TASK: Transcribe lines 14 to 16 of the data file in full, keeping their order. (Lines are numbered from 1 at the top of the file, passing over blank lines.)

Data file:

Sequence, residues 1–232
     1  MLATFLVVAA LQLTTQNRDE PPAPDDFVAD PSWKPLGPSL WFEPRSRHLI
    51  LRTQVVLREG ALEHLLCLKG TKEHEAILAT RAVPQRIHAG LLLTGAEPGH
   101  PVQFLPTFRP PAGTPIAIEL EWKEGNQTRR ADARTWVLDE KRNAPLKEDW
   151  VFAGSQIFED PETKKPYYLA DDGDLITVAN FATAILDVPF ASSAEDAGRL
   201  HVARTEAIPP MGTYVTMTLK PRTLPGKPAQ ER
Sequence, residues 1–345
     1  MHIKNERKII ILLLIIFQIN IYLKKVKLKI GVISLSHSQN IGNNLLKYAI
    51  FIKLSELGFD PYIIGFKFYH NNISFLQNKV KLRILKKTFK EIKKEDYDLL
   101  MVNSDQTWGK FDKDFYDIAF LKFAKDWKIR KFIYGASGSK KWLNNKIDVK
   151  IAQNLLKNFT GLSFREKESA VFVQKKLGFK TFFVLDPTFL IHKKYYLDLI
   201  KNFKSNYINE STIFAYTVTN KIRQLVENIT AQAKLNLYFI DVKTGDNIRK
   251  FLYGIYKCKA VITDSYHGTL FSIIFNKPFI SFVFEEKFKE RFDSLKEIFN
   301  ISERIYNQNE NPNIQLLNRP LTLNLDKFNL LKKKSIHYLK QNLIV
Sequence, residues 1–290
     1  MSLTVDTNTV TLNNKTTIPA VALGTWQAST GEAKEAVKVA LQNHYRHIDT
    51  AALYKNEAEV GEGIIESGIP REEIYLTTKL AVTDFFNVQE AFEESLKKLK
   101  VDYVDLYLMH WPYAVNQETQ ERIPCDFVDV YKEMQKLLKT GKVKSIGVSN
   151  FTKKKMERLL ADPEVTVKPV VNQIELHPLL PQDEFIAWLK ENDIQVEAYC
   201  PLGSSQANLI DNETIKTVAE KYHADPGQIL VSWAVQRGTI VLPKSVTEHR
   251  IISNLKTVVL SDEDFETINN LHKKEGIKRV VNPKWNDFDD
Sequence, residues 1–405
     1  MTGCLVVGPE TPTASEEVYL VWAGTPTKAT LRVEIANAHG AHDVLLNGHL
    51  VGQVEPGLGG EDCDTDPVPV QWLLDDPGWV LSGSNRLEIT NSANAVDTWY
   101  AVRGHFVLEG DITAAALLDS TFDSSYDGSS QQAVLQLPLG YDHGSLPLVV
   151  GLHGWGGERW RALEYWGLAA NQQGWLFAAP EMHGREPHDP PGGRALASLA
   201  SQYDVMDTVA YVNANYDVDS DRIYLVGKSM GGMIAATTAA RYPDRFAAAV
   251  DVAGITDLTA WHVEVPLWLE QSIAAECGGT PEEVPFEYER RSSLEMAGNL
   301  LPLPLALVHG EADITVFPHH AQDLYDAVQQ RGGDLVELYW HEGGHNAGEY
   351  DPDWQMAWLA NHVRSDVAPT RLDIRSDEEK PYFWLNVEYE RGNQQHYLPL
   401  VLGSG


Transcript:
   301  ISERIYNQNE NPNIQLLNRP LTLNLDKFNL LKKKSIHYLK QNLIV
Sequence, residues 1–290
     1  MSLTVDTNTV TLNNKTTIPA VALGTWQAST GEAKEAVKVA LQNHYRHIDT